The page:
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Grading With Drones: Britain at Low Tide

Drones have revolutionized the way filmmakers approach aerial work today, allowing anyone to get incredible landscape shots without the need for hiring out a helicopter and pilot, which can be expensive. With a multitude of new production techniques available, however, come new challenges in the world of post production.
For colourist at Yellowmoon Scott Ferguson, delving into these challenges was an integral part of completing the grade on his latest project, Channel 4 documentary Britain at Low Tide. Exploring coastlines all over the UK, the documentary unveils the country’s most fascinating coastal archeology throughout history including Tudor era forts, Thames sailing barges, and even World War II artifacts.

With a tight turnaround of just a few days per episode, Scott Ferguson needed to complete all the final grading on the show, ensuring the multitude of 4K drone footage shot looked impressive while also fitting in seamlessly with every other sequence. Formats included everything from ProRes 422 HQ to MPEG-4, MPEG-2, and even H.264.

“I was working with a mixture of everything: there was GoPro in this, there was MPEG-4 from the Canon 5D, and even ProRes from the drone, an Inspire DJI,” Ferguson begins. “That’s the nature of a show like this one, though. You need the GoPros on a stick to poke around a sunken ship, and then you need a larger camera setup for your interview pieces. Finally, you also need to capture the breadth of the coastline with the drone shots. The challenge is making all of this feel like a cohesive piece, part of the same world despite the myriad of colour spaces involved.”

Dealing with Documentary

Luckily, Ferguson had his vast experience with documentary projects at Yellowmoon to draw from to help. “The main aims for me are the same whether I work on fictional tv dramas or a documentary, which is to provide both consistency and storytelling through colour,” he reveals.

“For something like Britain at Low Tide, however, we needed to ensure that the look wasn’t as stylized as a drama’s grade would be. The aesthetic needed to be more grounded in reality, and it was a fine line between making this fantastic footage look beautiful and giving as accurate a representation of the great British coastline as possible.”

Using DaVinci Resolve Studio, Ferguson began by matching all the shots from the drone with the action camera footage and interview sequences. “It’s my job to make sure that nothing pulls our audience out of the moment when they’re watching at home, which is challenging when you have footage shot from so many different sources,” he continues.

“To do this, I use a few small tricks. First, I spend a lot of time re-watching the footage to make sure that everything looks right from one shot to another. Typically, I also add a desaturation node by using a Serial Node with the Monochrome option selected under RGB Mixer to look at every shot in black and white. This allows me to observe the dynamic range more accurately, and by comparing the shadows in every shot, I know that I’m getting the contrast right. If the shadows noticeably shift in the way they appear from shot to shot, there’s something missing somewhere in the colour. It’s all about attention to detail.”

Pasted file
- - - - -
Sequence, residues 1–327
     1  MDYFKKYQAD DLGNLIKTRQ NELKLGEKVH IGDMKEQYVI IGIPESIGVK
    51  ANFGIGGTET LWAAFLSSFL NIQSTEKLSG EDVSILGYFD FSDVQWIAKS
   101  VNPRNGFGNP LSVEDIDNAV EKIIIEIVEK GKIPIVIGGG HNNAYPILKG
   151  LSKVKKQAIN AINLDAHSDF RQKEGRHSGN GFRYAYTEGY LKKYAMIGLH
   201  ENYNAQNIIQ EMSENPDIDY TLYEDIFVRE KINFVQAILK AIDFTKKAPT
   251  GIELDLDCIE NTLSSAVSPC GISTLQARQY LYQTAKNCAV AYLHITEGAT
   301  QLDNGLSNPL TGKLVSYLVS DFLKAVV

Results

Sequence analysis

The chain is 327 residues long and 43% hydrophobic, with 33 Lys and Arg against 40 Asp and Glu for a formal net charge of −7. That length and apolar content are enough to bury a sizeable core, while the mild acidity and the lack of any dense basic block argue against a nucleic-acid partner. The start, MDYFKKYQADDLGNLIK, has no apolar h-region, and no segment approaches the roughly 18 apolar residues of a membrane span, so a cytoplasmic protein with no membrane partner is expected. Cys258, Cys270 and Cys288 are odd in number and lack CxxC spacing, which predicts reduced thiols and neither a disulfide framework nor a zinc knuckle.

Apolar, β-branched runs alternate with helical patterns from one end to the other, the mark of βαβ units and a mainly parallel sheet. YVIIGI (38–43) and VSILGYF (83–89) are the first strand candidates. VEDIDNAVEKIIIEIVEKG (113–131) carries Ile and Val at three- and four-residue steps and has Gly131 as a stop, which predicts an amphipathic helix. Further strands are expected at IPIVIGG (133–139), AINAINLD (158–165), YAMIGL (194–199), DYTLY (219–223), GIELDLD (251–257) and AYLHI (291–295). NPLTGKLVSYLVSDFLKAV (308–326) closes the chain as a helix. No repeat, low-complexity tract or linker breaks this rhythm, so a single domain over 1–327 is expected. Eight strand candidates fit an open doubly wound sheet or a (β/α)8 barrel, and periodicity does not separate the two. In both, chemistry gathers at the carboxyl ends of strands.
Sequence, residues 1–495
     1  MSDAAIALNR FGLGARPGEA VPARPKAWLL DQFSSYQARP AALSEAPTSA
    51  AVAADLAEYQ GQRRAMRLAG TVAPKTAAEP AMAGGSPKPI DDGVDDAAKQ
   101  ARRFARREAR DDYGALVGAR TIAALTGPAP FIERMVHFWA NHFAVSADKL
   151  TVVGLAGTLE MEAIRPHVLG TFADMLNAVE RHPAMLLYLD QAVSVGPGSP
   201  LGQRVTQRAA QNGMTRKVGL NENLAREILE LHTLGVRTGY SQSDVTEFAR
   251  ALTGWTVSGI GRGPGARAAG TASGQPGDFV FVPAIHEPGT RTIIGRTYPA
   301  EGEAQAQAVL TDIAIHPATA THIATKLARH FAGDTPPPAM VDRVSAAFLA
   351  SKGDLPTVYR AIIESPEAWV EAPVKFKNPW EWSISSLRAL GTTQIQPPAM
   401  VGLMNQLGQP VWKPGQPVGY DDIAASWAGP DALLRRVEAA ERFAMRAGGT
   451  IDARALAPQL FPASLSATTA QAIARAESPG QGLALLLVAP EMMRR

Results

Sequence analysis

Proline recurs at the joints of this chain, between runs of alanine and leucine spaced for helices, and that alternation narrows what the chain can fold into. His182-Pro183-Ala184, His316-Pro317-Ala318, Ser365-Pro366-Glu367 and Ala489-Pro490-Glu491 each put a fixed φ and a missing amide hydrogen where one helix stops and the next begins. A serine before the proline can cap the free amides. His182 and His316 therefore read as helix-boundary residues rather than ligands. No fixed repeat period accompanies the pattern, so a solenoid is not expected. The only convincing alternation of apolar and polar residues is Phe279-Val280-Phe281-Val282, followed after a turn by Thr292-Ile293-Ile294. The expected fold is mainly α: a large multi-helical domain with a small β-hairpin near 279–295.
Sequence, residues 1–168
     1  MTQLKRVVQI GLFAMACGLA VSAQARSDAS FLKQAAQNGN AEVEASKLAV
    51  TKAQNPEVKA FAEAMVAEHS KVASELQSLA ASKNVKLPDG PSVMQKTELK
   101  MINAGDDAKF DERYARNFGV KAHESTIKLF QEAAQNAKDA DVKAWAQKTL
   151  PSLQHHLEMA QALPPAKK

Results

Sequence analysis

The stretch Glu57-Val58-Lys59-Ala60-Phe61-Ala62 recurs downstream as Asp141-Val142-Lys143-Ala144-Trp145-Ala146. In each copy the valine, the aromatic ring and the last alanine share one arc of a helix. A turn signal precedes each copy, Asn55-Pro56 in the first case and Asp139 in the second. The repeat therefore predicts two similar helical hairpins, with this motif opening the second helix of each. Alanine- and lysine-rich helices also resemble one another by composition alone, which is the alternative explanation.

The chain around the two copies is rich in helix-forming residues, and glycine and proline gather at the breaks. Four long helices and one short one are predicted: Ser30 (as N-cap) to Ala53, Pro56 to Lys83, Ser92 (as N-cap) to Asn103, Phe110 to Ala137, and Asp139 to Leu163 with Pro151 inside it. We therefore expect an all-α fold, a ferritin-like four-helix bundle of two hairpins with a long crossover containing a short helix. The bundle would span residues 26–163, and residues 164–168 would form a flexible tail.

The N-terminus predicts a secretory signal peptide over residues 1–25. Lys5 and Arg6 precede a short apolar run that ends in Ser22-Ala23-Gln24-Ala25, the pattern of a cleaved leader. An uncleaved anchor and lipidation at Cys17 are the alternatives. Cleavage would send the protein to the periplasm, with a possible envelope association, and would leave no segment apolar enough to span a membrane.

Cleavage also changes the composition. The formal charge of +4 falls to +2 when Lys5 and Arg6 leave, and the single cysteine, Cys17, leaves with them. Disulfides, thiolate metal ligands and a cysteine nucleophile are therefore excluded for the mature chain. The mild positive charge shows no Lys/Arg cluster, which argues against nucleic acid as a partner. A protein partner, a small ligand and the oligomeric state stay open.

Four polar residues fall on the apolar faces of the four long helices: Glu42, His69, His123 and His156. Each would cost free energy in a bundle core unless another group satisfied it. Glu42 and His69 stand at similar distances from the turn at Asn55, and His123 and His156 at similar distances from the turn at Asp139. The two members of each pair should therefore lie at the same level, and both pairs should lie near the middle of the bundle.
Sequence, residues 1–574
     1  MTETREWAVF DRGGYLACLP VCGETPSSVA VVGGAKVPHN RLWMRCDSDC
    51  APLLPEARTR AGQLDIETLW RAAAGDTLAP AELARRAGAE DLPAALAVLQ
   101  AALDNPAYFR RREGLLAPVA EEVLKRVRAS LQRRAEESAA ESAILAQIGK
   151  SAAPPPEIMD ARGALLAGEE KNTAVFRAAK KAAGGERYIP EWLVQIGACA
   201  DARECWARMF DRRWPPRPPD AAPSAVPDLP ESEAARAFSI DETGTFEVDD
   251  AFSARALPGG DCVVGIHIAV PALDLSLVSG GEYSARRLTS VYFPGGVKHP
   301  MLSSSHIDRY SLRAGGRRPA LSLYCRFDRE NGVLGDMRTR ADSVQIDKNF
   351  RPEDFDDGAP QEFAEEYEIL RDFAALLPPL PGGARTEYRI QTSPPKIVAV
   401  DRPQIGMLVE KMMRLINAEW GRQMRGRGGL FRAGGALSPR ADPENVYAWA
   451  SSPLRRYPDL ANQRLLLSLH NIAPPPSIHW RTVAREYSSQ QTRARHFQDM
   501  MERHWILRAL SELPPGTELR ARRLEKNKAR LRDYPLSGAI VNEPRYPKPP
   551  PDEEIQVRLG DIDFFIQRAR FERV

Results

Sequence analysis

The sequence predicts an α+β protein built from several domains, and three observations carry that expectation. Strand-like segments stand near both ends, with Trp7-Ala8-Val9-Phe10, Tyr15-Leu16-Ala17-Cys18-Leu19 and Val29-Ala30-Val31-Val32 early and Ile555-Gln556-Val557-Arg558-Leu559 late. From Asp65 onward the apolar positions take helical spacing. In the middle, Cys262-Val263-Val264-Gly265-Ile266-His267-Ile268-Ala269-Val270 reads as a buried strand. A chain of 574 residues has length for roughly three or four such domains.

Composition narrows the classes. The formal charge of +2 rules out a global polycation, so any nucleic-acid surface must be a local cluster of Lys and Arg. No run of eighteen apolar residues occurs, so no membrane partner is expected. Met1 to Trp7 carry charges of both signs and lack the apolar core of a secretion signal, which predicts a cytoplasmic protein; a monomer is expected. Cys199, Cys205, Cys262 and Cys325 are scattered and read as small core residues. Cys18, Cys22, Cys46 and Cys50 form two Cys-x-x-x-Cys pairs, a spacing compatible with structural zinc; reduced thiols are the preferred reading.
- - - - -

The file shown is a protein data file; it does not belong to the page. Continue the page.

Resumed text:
Beach shot graded to give warm sand look.

Beach shot graded to give warm sand look.

Finessing Landscapes

Another challenge for Ferguson came with finessing the drone’s dramatic 4K ProRes landscape shots - many of which feature in the show’s opening title sequence.

Using tools such as power windows and vignettes, he needed to highlight the historical artifacts the drone was flying past, focusing the audience’s eyes towards what was being discussed on the show. “One of the biggest problems when dealing with drone footage is the amount of fast movement involved, which can be difficult to handle in a grade,”

Ferguson adds. “A lot of the footage featured landscapes with precise characteristics and horizon lines; however, I was able to take advantage of Resolve’s tracking features to help here.”

In Resolve, Ferguson tracked elements with power windows to ensure his graded details followed the movement in every shot. “I’d just tell Resolve to track a window for a certain amount of frames, and the system would manage that using just one button, which was fantastic,” he says. “I’d be able to ensure a shot on the beach, for instance, would feature a sky that looked clear blue, with sand that was rich and warm.”

“Another advantage was that I knew I could then later go in and make small tweaks to my tracking data, without needing to re-track everything from scratch. It was hugely time saving, which was crucial in a show with as tight a turnaround as this.”

“Overall, I’m really happy with the way all of the drone shots stand out,” he concludes. “As they were all shot in ProRes, there was a good amount of detail to work with as a colourist, and being able to be nine nodes deep picking out the sand, sea, and sky, and still have Resolve playback for a client in real time was huge. They were my favourite shots in the entirety of Britain at Low Tide.”

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